Word of the Week: Aus dem Häuschen

Jan 25, 2013

Every Friday, Germany.info and The Week in Germany highlight a different "Word of the Week" in the German language that may serve to surprise, delight or just plain perplex native English speakers.

Aus dem Häuschen

A "Spreewaldhaus" near Berlin Enlarge image (© picture-alliance/chromorange) If you become giddy with joy and excitement upon hearing some great news, you are "ganz aus dem Häuschen" (totally out of the house), an upbeat expression generally placed within a positive context.

As a figure of speech, "ganz aus dem Häuschen sein" or "völlig aus dem Häuschen sein" means "to be thrilled to bits" or "to be beside oneself with joy." A "Häuschen" is a version of "Haus" (house) used to connote a smaller home, such as a cottage. Such a "little house" (Häuschen) may moreover connote any small dwelling, including a playhouse for a kid, a home for a pet, a birdhouse (Vogelhäuschen), or the shell of snail, which is called a "Schneckenhäuschen" in German.

Carnival in Germany (Düsseldorf, 2011) Enlarge image Giddy carnival (Karneval) revelers in Germany are sometimes described as acting totally "aus dem Häuschen." (© picture-alliance/dpa)

So a sentence such as "Sie waren vor Freude ganz aus dem Häuschen" would mean "They were beside themselves with joy." Likewise, a sentence such as "Die Zuhörer/Zuschauer gerieten (völlig) aus dem Häuschen" would mean something along the lines of "The audience went delirious (with excitement/joy)."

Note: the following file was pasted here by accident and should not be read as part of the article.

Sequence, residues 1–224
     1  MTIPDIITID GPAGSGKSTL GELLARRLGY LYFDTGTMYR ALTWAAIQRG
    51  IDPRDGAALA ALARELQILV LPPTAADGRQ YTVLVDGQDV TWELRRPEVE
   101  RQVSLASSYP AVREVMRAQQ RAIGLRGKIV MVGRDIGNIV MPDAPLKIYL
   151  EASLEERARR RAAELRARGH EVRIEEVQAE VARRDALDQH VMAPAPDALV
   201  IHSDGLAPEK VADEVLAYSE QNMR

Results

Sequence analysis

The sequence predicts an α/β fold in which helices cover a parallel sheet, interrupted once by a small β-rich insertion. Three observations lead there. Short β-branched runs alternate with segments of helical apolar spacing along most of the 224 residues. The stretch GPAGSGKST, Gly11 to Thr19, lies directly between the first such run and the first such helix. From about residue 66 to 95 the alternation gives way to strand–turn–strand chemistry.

Although this expression today is by and large given a more positive meaning, its origins in the German language are a tad darker, ranging from a descriptor for someone who is nervous or jumpy to totally crazy. In this more original context, it mean "ein Nevenbündel sein" (to be a bundle of nerves), "durchdrehen" (to flip out, to go insane) or "den Verstand verlieren" (to lose one's mind).

Freudenberg Enlarge image (© dpa - Bildfunk)

The positive connotation - at least according to one German source online (de.answers.yahoo.com) - purportedly comes from a time when many people still lived in villages. If someone in a village was the recipient of a bit of extraordinarily good news, they would run out of their house and excitedly announce these good tidings to anyone within earshot. So then this person appeared to be "ganz aus dem Häuschen" to the other residents of the village. Eventually, the expression must have stuck and became a well-known figure of speech in modern Germany.

A German rap song by the band Harris & Marteria called "Aus dem Häuschen" has incidentally been viewed by more than 3 million people on YouTube. Whether the song, which seems to take a more deadpan approach to the popular happy-go-lucky expression, makes you get up and get "aus dem Häuschen" with excitement, of course, is a matter of opinion and personal musical taste.

© Germany.info

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